By Tracey Madden-Hennessey
Trauma is described as a deeply distressing event that overwhelms a person’s ability to cope.(Center for Non-Violence and Social Justice). Many equate it with victims of violence, however, trauma can be created by many factors that include:
• Interpersonal violence – such as abuse, rape, domestic violence, and bullying;
• Social violence — such as war, terrorism, and living under oppressive political regimes;
• Natural disasters and accidents — such as hurricanes, floods, earthquakes, tornadoes, and auto crashes;
• Chronic social stressors – such as racism, sexism, poverty, humiliation and cultural dislocation;
• Childhood trauma — such as the types of trauma measured by the U.S. Centers for Disease Control and Prevention Adverse Childhood Experience Study (ACE Study)
Tarpon Springs noted that “an ACE Study which measured 10 childhood traumas – ex. physical, emotional and sexual abuse; emotional and physical neglect; a parent who’s an alcoholic or addicted to other drugs; a mother who’s been battered; a family member in prison or diagnosed with mental illness; and a loss of a parent through divorce or abandonment – in 17,000 people in San Diego. Researchers found a direct link between childhood trauma and adult onset of chronic disease, such as diabetes, heart disease, and some types of cancer.”
Additional research on the negative impact of trauma on the developing brain is plentiful. For children, exposure to violence and trauma, interferes with cognitive development and literally rewires the brain making it difficult to learn and function in a structured school setting.
The State Department of Children and Families has cited statistics indicating New Britain has the highest rate of substantiated child abuse cases of any city in the state. Trauma is a significant factor in many local lives.
In addition, a survey of local middle and high school students, indicated the community should be concerned. High rates of depression among students, and more alarming, a rate of suicide attempts among the student body indicates many young people are suffering. Agencies and individuals are recognizing the need to do more as a community to address the social and emotional well-being of residents, both children and adults.
Cities across the country, (Philadelphia, PA and Tarpon Springs, FL for example) are identifying themselves as Trauma Informed Cities. As a community, “they have made a commitment to engage people in all walks of life – education, juvenile justice, welfare, housing, medical practices, businesses, etc. — towards a common goal of less trauma…large and small, immediate and generational.”
Becoming trauma informed as a community shifts the way people in the city think and work to address the issue. New Britain is experienced in working as a community to address complicated issues; drawing partners together to devise strategies that engage the combined resources and strengths of many sectors. Becoming trauma informed will build upon this experience.
Members of Philadelphia’s Trauma Informed Network shared the actions needed for a citywide trauma informed approach:
• Education for all sectors of the community (including families) about trauma, adversity, attachment and resilience.
• Leaders and residents shift from reacting to incidents of trauma to prevention of trauma in the city.
• Basic public health strategies that focus on 3 questions: How do we address the problems of those who have already experienced trauma? How can we minimize the danger to those already at risk? What measures of prevention and response need to be in place for everyone?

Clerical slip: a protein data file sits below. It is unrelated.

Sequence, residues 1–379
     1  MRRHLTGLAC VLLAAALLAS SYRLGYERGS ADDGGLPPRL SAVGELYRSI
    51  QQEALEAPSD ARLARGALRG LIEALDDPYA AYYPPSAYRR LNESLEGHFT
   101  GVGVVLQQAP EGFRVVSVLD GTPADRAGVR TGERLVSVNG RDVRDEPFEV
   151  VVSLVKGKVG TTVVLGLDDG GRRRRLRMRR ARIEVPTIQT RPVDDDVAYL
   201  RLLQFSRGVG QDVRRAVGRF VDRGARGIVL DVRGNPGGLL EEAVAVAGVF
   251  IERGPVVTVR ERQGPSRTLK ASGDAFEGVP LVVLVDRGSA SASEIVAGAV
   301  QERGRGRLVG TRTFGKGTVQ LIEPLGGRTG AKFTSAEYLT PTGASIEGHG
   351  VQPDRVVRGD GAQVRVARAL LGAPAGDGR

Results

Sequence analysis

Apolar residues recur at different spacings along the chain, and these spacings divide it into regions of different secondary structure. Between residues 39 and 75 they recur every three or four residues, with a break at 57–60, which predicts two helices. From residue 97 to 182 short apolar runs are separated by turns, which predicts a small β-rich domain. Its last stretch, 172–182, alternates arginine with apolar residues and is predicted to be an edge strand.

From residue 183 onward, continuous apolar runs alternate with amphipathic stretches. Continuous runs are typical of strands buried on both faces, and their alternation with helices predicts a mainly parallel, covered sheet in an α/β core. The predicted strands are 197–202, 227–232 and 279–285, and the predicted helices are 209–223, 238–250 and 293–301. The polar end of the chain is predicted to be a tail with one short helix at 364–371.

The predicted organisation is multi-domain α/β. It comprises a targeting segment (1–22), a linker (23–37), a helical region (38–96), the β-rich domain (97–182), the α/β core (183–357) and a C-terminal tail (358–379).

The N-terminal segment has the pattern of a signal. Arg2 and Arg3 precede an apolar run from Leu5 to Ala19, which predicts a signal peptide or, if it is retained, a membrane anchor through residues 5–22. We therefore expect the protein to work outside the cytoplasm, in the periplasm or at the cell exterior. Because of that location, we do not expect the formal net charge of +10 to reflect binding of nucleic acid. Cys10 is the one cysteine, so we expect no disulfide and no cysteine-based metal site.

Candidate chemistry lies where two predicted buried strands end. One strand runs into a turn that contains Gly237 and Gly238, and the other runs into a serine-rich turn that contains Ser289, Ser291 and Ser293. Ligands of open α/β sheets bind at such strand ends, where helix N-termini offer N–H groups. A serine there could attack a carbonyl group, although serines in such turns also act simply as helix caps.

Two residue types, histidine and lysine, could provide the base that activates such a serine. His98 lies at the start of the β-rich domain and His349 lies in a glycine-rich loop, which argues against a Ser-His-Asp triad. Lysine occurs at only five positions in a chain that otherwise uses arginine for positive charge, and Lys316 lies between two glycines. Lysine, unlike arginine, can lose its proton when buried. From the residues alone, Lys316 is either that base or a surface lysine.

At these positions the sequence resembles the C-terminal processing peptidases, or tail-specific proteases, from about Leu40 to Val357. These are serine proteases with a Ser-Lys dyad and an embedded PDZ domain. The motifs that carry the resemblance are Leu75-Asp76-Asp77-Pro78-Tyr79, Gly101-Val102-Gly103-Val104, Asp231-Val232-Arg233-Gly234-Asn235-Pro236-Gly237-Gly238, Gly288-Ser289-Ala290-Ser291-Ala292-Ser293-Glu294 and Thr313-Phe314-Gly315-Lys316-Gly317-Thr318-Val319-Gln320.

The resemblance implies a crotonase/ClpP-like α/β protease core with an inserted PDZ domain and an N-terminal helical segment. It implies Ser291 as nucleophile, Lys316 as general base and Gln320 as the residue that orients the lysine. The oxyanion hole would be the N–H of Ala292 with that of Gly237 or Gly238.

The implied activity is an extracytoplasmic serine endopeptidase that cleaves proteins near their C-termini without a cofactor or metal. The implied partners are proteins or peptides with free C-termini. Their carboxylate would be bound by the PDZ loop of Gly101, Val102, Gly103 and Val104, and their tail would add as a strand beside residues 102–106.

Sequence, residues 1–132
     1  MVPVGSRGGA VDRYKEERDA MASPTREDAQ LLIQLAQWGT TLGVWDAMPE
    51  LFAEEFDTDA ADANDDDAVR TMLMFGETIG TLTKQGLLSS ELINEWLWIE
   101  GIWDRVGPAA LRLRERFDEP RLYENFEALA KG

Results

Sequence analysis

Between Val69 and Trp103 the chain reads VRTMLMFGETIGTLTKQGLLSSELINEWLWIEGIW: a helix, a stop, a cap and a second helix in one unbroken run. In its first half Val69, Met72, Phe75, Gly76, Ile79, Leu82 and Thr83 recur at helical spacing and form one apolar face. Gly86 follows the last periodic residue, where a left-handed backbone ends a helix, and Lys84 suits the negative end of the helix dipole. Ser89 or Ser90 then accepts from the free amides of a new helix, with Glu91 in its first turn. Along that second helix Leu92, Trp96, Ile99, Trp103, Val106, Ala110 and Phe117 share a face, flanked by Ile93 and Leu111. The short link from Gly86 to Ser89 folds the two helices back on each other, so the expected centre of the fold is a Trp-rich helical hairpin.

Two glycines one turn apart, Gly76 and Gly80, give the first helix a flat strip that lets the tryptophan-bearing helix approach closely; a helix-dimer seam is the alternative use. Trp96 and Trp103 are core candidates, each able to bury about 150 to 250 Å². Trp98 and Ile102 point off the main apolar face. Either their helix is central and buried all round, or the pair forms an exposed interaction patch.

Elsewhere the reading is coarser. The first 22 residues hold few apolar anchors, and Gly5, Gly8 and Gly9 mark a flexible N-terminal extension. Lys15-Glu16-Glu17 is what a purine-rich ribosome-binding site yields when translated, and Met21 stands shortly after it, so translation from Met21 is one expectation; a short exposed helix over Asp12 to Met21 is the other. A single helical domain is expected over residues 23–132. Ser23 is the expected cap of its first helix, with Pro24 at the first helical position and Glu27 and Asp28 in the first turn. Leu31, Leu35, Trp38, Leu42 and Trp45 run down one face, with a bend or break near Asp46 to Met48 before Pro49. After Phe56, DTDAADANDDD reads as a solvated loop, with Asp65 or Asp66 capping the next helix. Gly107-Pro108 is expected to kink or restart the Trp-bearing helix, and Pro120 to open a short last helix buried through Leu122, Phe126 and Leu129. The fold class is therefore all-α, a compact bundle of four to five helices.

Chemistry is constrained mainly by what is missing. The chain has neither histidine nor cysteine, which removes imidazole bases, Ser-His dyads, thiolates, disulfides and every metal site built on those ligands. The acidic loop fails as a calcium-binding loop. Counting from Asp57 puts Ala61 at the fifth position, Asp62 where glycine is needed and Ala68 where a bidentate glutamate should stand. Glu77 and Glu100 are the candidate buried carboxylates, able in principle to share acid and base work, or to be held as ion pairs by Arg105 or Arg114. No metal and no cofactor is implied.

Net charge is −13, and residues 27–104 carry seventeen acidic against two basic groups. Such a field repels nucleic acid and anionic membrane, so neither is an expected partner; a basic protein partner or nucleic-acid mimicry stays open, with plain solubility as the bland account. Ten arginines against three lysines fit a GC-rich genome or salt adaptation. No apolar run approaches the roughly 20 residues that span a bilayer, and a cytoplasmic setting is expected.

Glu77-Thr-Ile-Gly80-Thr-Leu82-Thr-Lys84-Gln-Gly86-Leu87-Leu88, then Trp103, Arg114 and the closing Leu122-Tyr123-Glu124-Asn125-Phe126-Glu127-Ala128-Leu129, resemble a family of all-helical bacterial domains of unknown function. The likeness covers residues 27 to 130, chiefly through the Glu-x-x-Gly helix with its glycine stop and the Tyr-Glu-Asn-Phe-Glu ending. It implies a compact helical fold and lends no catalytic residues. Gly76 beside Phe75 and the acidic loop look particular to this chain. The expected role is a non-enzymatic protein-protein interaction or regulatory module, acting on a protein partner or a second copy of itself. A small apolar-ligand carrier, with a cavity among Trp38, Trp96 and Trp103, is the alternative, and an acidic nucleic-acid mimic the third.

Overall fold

The YWCA has a long history (more than 30 years) of helping those exposed to the trauma associated with sexual assault. Most recently, in partnership with Wheeler Clinic and The Connecticut Department of Children and Families, the agency opened the city’s first Trauma Informed Early Childhood Classroom.
Although important, individual agency approaches are not enough to address the magnitude of the issue. They must be part of a comprehensive system of interventions that ripple through the city.
Small, but significant steps began two years ago when the School District shared its Well Managed Classroom resources with summer and after school community providers so that professionals working with youth, whether during the school day or after, were using the same techniques to guide behavior. YWCA staff were among the first group of providers trained in this method.
As New Britain became more aware of the pervasive harm that trauma inflicts on a community, additional steps toward implementing a city approach began through the Coalition for New Britain’s Youth. The YWCA is a partner and leader in the Coalition. Plans for a pilot initiative with after school providers serving middle and high school youth began in earnest this past year. Staff from four community based organizations will be trained during the pilot using the Preparing to Thrive Tool developed by The David P. Weikart Center. Preparing to Thrive allows programmers to compare their practices to quality standards that have been shown to best impact social, emotional skill development in the after school setting. By making the comparison to standards in the tool, and paired with additional training on teaching social emotional skills, it is anticipated that after school programs will be better places for all students. An additional follow up component will employ trained mental health professionals through Community Mental Health Affiliates to offer consultative assistance to programmers as they encounter challenges to adapting programs to best practice.
These are only the first steps towards a Trauma Informed City. Discussions at other tables, that include many community leaders and parents, indicate there is significant interest in New Britain joining these pioneering communities. The YWCA looks ahead, supporting and contributing to these efforts.